In a recent interview with Barron’s sister-publication Financial News, veteran investor Mark Mobius said, “I don’t see a recession risk,” explaining, “the simple reason is that with interest rates going down and down, it will be much easier for people to raise capital. There is a lot of money sloshing around the world looking for a home.” Mobius suggested there might be a “slowdown” due to trade tensions but added that a recession in Europe… Read More
According to veteran investor Mark Mobius, “Gold’s long-term prospect is up, up and up, and the reason why I say that is money supply is up, up and up,” reports a recent Bloomberg article. Mobius told Bloomberg TV that accumulating gold will “reap long-term rewards as leading central banks loosen monetary policy and the rise of cryptocurrencies serves only to reinforce demand for genuinely hard assets.” He added, “I think you have to be buying… Read More
Mark Mobius, long considered an emerging markets guru, will retire from Templeton investments at the end of this month, according to a recent article in The Wall Street Journal. Mobius joined Templeton in 1987 to launch one of the first funds dedicated to emerging markets, the article says, adding that “his star rose during an ensuing bull market.” He became what the article describes as one of the best known “evangelists for investing in Asia… Read More
Mark Mobius, executive chairman of Templeton Emerging Markets Group, says that the Russian stock market provides investors with a tremendous value right now. Russian stocks are down 36 percent since the end of 2014, although they have rebounded and are up 20 percent so far in 2016. Still, Russian shares are trading at 0.67 price-to-book, which is more than 50 percent below the MSCI Emerging Markets index. Mobius says Russia has been hurt by two… Read More
Deflationary pressures have been at work in the US for some time now, part of why the Federal Reserve has kept interest rates so low. And Templeton Asset Management’s Mark Mobius says the Internet is to blame.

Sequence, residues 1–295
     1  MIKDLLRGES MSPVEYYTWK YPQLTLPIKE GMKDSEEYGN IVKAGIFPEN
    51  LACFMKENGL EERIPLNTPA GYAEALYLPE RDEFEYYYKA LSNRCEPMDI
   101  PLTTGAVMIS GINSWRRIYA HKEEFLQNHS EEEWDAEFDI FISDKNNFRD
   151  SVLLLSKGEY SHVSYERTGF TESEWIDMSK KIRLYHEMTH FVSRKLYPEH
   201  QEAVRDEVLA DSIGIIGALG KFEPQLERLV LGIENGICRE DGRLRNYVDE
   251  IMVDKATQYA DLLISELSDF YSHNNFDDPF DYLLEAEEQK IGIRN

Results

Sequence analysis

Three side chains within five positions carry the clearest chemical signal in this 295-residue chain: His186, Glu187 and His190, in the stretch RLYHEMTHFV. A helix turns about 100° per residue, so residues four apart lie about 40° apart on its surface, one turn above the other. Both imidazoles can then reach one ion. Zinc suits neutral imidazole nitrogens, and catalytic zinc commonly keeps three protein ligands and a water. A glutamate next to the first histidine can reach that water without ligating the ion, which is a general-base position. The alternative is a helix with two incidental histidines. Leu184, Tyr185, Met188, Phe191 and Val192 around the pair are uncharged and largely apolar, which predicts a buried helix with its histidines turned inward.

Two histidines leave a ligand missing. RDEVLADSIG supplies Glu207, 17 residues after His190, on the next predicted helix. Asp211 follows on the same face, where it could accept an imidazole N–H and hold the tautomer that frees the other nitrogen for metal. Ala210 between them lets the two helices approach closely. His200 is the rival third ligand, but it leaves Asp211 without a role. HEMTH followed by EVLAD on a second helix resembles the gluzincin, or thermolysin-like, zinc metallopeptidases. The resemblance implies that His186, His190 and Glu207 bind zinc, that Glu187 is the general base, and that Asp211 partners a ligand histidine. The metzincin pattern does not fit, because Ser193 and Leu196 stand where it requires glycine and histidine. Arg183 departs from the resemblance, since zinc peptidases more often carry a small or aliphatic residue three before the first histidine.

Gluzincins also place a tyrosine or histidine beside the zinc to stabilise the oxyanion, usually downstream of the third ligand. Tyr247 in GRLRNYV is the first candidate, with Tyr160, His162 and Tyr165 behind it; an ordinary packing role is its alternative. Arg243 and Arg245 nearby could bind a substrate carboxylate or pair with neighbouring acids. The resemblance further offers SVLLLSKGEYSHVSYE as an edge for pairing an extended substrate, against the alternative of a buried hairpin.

While many investors are avoiding Greece like the plague, top strategist Mark Mobius says he’s buying stocks from the troubled country.
Templeton Asset Management’s Mark Mobius says he thinks the emerging market trouble that has seeped into the U.S. market a bit will be temporary, and will provide significant buying opportunities. Mobius tells CNBC that there’s “no good reason” for the EM declines, which appear to be the result of fears that money will flow out of EMs as the Federal Reserve tapers its quantitative easing program. He notes that emerging market central banks’ balance sheets… Read More
Templeton Asset Management’s Mark Mobius says he remains optimistic on China’s economy, and says other countries may begin adopting a Chinese type of system rather than a U.S. system. Mobius tells Bloomberg that the comparative ease with which China can get things done because of its one-party setup may appeal to many other countries. But he says the key common denominator in both the American and Chinese systems is a market economy. Mobius also talks… Read More
While emerging markets have taken their licks this summer, Templeton Asset Management’s Mark Mobius says the declines offer more of a buying opportunity than a sign of long term trouble for EMs. “At Templeton, we’ve repeatedly championed our value-driven philosophy by frequently buying at times others are most pessimistic,” Mobius recently wrote in commentary on Templeton’s website. “This is not easy to do, even for seasoned market veterans. During the past few months, emerging markets… Read More
Templeton Asset Management’s Mark Mobius says he remains high on China, despite the recent disappointing GDP report from the Asian giant. “The new administration in China is now just getting its game going,” Mobius tells CNBC. “Once they get going, you’re going to see a lot more investment taking place, a lot more activity in the right areas. … I think that growth engine is going to continue, and we’re very bullish on China.” Mobius also talks… Read More